They arrived as strangers at the municipal capital. They dismantled their suitcases and even among themselves, they concealed the strange devotion they suddenly felt for the red earth that had bathed their feet all their lives. But a hollowness quieter than nostalgia crept in without any of them even noticing it.

Grandfather began to lose track of the faces for minutes... He would wake up in the middle of the night and scream because he felt lost. One day he no longer knew who the woman was who had been with him for the last 68 years. The younger ones associated the events with the suddenness of the move and went on as before.

On the last Thursday in August, grandfather did not wake up in bed. They searched every corner of the courtyard, inside the cistern, under the stones... They began their search at the terminal, snooped around the hospitals, and notified the police, but no one anywhere noticed the old man with the blue checked shirt missing from his wardrobe.

They returned to the little village of his birth in desperation, followed the train line, searched through the blossoming cane, and found not a clue. It was as if the very ground he did not know had swallowed him up...

Months later, amidst the weight of absence on the balance of the doorway, at home, they began to talk about Alzheimer's and remembered their paternal great-uncle who, at just over 60 years of age, even forgot his name. Then the hands on the head became like a ritual of guilt, a mute and imperceptible one, like the footprints that "the old man" did not leave behind.

Sadly, it is increasingly common to find families like this one on social networks, desperate for the absence of one of their elders. At the same time, it is notorious the increase in information about the incurable mental illness, which degenerates the nerve cells of the brain and diminishes the brain mass at will.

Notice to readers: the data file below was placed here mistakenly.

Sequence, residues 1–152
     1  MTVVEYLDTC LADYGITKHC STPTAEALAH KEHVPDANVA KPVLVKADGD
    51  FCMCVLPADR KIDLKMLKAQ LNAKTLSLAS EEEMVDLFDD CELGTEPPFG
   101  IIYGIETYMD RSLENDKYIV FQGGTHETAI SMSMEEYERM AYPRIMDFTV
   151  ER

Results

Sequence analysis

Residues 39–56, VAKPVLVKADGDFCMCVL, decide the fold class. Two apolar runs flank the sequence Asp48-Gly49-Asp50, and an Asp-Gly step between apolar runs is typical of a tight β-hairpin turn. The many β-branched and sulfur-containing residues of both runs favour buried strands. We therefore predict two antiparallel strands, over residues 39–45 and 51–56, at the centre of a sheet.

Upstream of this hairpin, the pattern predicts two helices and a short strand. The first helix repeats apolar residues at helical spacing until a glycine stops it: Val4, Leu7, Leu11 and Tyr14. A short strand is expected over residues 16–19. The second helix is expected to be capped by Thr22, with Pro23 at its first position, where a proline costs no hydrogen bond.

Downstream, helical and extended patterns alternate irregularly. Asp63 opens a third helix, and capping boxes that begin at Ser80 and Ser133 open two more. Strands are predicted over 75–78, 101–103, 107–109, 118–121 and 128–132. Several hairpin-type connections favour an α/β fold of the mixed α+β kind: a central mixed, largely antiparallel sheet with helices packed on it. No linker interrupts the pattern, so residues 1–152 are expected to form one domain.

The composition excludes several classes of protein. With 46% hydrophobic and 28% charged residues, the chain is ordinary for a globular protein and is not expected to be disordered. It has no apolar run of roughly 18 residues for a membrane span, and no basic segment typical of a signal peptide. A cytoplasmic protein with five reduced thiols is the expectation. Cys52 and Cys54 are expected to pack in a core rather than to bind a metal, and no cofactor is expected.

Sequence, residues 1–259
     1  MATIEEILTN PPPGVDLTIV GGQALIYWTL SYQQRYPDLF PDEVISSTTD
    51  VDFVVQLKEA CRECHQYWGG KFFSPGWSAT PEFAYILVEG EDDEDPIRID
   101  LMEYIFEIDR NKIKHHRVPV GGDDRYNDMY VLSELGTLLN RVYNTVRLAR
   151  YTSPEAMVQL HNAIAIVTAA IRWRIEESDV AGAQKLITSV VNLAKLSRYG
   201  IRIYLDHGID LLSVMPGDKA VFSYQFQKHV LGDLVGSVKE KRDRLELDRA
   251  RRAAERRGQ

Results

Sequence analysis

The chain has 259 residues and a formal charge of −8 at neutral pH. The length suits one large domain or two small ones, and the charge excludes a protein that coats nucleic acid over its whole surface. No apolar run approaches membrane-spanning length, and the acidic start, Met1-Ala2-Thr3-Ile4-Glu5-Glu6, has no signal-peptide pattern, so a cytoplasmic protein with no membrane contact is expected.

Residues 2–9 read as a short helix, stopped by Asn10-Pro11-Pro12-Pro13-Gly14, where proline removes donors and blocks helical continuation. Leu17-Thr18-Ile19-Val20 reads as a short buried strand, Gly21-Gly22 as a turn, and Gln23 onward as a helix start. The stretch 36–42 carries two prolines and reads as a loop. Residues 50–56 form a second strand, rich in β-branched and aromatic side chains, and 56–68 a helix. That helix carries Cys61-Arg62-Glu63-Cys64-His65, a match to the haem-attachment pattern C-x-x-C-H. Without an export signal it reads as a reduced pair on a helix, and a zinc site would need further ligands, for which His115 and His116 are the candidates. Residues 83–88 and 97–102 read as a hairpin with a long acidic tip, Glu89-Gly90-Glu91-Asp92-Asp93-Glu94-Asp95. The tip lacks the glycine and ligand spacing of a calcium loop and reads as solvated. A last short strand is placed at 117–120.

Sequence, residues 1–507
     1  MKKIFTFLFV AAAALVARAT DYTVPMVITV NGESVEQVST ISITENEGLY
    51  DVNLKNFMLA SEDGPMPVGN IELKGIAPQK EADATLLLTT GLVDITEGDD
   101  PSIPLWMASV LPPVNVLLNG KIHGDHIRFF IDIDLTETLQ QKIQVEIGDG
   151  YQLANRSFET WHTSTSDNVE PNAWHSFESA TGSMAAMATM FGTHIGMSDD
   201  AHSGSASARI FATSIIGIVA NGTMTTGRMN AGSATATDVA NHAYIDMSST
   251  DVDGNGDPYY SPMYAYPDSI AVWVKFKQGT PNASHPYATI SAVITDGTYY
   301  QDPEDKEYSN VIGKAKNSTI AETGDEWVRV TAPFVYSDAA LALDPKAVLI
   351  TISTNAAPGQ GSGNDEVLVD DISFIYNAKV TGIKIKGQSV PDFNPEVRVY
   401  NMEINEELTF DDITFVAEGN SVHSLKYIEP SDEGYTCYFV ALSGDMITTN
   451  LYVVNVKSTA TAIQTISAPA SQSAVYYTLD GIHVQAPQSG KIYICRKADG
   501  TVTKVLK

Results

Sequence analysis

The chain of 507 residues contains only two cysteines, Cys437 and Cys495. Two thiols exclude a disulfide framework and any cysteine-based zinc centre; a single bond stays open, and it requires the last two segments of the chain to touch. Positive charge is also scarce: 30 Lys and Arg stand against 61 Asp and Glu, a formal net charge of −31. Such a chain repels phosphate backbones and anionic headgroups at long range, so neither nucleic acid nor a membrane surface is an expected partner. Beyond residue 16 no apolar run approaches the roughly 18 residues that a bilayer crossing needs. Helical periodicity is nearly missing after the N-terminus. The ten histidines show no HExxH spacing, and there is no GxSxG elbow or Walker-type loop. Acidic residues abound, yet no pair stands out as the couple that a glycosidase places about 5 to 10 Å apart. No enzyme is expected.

Alzheimer's disease is taking center stage in a society like ours, which is aging by leaps and bounds. People joke that "the German got me", but its claws do more than cause temporary forgetfulness; they cause significant cognitive deterioration that manifests itself in language difficulties, loss of a sense of direction, and difficulties in solving simple everyday problems.

The saddest side of the phenomenon is to witness first-hand how the mind of the person who brought you into the world, who taught you the most detailed or ephemeral notions of the universe, is blurred and now does not know that you are his child and pushes you away, avoids you, shuns you.

This pain is followed by a drastic change in all family routines. Doors can no longer be left unlocked, the gas pipe must be kept under maximum surveillance and an adult must remain in the home at the cost of sacrificing work or personal goals. There has to be a designated hitter every day, no matter what...

Once the first symptoms appear, the patients degenerate and become more dependent, so they have to be helped to dress, to clean themselves, to eat.

At this stage, there is no treatment to prevent the disease or to slow its progression. Medications are prescribed to help with some symptoms and improve quality of life, but they are usually only useful in the early stages and this is a journey of no return.

It is known that the first lesions may appear some 15 to 20 years before any symptoms are shown, and debut in the region of the brain called the hippocampus, which is responsible, among other things, for learning and the formation of new memories. Although there is no scientific evidence, it is thought to be caused by a combination of risk factors, some of which are not modifiable, such as age or genetics.

Among the elements that can be changed to prevent "forgetfulness" are a healthy lifestyle that involves reducing fat intake, making vegetables, fruit, and legumes the basis of the food pyramid, and, above all, regular physical exercise.


Three years after the move, the family, with its traces of pain and red earth, is still hoping that one day they will find a trace of their grandfather. Alzheimer's has robbed him of his peace of mind... They have learned the hard way that in the home there have to be springs to warn of even the most imperceptible alarms; "magnifying glasses" are needed to keep an eye and affection for the elderly.